Europe in ‘no position’ to criticise Iran: Zarif - GulfToday

Europe in ‘no position’ to criticise Iran: Zarif


Mohammad Javad Zarif speaks during a news conference in Baghdad. Reuters/ File

European countries are in “no position” to criticise Iran for its military capabilities, Foreign Minister Mohammad Javad Zarif said on Sunday ahead of a visit by his German counterpart Heiko Maas.

Iran called on European leaders to normalise trade ties the Tehran despite US sanctions, or face consequences.

Germany’s top diplomat is due in Tehran on Monday, against a backdrop of Iranian pressure for Europe to uphold commitments made under a 2015 nuclear deal since abandoned by the United States.

“Europeans are certainly in no position to criticise Iran, even about issues that have nothing to do with” the agreement, Zarif said in televised remarks to journalists.

Iran signed the landmark accord with China, Russia, Germany, Britain, France and the United States, leading to sanctions relief in exchange for Tehran curbing its nuclear programme.

But last year, US President Donald Trump walked away from the accord and Washington has since imposed sweeping sanctions on Iran.

European and Western policies “have only caused damage in the region,” Zarif said.

“In general, the West has allowed the autocratic regimes in our region to commit crimes.”

Trump condemned the accord, signed by his predecessor Barack Obama, as flawed for not being permanent and for not covering Iran’s ballistic missile programme or its role in conflicts around the Middle East.

The west European signatories to the deal — France, Britain and Germany — share the same concerns as the United States over Iran’s ballistic missile development and regional activities.

However, they have defended the nuclear accord as the best way to limit Iran’s enrichment of uranium, a potential pathway to nuclear weapons, and a basis for future negotiations on a broader palette of security and other longstanding disputes.

“The Europeans and other signatories of the JCPOA should normalise economic ties with Iran...We will halt our commitments or will take action in accordance with their measures.”

Last month, Iran scaled back some commitments under the 2015 deal and warned that in 60 days it would resume enriching uranium to a higher degree than that permitted by the accord if the Europeans failed to shield it against the US sanctions, which aim to cripple its oil-dependent economy.

Iranian Parliament Speaker Ali Larijani on Sunday criticised French President Emmanuel Macron for saying last week in a meeting with Trump that they shared the same objectives on Iran.

Macron said France wanted to make sure Tehran will not get nuclear weapons: “We had an accord until 2025 and we want to go further and have full certainty in the long run... (Then) reduce ballistic activity and contain Iran regionally.”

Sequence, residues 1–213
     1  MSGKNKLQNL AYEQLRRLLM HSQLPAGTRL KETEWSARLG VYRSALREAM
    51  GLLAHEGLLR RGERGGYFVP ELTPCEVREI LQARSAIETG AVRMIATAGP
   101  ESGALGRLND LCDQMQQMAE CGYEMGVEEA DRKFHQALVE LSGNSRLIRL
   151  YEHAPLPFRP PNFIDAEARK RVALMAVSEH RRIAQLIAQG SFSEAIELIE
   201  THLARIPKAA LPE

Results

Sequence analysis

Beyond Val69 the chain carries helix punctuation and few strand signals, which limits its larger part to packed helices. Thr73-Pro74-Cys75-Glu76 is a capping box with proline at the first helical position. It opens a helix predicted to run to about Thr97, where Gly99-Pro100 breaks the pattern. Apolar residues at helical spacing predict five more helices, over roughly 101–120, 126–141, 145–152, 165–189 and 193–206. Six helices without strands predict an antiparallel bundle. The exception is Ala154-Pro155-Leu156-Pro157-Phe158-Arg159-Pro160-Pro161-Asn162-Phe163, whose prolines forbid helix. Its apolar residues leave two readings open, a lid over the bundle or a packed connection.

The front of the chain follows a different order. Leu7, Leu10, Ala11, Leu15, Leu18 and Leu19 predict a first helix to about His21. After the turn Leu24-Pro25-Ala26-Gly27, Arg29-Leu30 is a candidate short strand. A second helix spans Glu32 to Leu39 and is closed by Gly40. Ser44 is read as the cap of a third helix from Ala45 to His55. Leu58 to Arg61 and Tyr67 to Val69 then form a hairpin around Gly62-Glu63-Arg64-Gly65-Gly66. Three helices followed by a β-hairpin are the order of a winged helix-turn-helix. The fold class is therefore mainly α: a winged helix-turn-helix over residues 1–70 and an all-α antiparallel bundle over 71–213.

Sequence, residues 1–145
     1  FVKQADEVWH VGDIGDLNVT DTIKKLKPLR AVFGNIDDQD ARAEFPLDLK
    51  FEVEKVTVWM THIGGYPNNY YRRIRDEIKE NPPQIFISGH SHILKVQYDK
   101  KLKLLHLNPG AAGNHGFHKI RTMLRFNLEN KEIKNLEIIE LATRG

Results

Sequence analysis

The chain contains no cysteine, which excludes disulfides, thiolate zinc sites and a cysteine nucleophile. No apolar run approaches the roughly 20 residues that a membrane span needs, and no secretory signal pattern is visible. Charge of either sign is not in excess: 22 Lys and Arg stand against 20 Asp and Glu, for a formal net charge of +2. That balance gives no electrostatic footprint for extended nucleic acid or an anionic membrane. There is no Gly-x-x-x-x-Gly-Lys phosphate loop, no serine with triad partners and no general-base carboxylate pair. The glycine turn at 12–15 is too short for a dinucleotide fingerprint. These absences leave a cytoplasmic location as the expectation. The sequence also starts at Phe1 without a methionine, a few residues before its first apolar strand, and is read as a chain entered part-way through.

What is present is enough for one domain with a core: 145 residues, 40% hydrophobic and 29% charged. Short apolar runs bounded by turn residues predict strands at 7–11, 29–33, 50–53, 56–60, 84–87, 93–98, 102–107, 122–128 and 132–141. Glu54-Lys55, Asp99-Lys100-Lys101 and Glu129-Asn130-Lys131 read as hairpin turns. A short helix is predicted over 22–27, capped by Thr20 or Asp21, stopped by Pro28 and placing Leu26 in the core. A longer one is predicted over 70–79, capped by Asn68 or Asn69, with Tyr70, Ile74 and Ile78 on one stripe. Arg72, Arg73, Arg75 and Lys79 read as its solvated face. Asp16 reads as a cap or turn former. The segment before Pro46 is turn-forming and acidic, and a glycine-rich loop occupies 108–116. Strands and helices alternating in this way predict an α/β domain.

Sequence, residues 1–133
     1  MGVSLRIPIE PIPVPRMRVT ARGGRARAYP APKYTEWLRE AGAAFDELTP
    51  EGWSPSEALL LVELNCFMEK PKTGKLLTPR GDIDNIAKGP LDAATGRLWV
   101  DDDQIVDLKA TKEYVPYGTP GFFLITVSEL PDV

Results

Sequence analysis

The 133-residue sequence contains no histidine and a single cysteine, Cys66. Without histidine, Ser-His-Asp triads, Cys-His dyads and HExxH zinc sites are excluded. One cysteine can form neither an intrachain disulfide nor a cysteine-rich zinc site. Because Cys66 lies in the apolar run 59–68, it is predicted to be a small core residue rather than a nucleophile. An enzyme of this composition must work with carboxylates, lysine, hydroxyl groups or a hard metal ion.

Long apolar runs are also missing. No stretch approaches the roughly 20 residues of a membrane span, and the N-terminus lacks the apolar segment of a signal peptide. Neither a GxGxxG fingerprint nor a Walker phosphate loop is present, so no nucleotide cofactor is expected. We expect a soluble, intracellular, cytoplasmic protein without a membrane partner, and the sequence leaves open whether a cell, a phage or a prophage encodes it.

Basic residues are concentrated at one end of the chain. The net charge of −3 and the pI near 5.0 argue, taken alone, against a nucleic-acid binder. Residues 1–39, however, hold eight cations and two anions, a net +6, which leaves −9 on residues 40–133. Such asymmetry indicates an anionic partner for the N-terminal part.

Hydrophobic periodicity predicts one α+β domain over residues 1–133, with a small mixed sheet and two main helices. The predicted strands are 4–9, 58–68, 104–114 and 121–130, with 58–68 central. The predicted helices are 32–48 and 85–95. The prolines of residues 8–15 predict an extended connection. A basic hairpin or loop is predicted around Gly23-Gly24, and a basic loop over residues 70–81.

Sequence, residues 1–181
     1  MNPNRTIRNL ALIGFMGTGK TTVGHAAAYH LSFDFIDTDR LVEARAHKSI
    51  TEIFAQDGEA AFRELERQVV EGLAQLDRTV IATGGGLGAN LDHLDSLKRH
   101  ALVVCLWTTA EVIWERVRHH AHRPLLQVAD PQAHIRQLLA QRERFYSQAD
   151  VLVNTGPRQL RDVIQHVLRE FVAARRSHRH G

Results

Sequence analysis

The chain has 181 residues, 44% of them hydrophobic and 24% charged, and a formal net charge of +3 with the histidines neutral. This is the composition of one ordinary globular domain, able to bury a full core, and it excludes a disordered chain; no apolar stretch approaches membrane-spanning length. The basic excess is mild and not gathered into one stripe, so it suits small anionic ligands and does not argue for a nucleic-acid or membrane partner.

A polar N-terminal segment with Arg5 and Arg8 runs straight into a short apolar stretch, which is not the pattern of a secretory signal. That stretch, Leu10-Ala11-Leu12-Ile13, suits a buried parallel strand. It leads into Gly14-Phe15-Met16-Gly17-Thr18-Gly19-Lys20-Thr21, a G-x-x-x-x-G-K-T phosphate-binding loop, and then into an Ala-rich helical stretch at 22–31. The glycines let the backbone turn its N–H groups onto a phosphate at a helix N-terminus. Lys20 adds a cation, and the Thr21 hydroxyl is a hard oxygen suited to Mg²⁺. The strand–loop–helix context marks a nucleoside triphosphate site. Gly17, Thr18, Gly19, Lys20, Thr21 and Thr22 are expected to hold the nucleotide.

Larijani was quoted as saying by state media: “The recent remarks by the French president in a meeting with Trump were shameful and inept...Macron’s comments did not match what he has been telling our their meetings and on the phone.”

Iran insists its nuclear activities are entirely peaceful, and has repeatedly refused to discuss its missile programme.

Tehran unveiled on Sunday a new “domestically-produced” air defence system with the capability to trace six targets - including fighetr jets, bombers and drones at the same time and destroy them with missiles.

“Iran will increase its military capabilities to protect its national security and interests, and it will not ask permission from anyone on this matter,” Defence Minister Amir Hatami said at an unveiling ceremony for the system.

Germany’s foreign minister will meet Iranian President Hassan Rouhani in Tehran on Monday, a German diplomatic source said, as part of a concerted European effort to preserve Iran’s nuclear pact with world powers and defuse rising US-Iranian tensions.

“I can confirm that the (German) Foreign Minister will meet President Rouhani on Monday,” said the diplomatic source, giving no further details.

Heiko Maas warned during a weekend stopover in Iraq en route to Tehran about the dangers of any conflict with Iran for the entire Middle East.

“We Europeans are convinced that it is worth trying to keep the Vienna nuclear agreement with Iran,” Maas said, adding he wanted dialogue even when disputes seemed insurmountable.

The German foreign minister will also meet Zarif in Tehran.


Related articles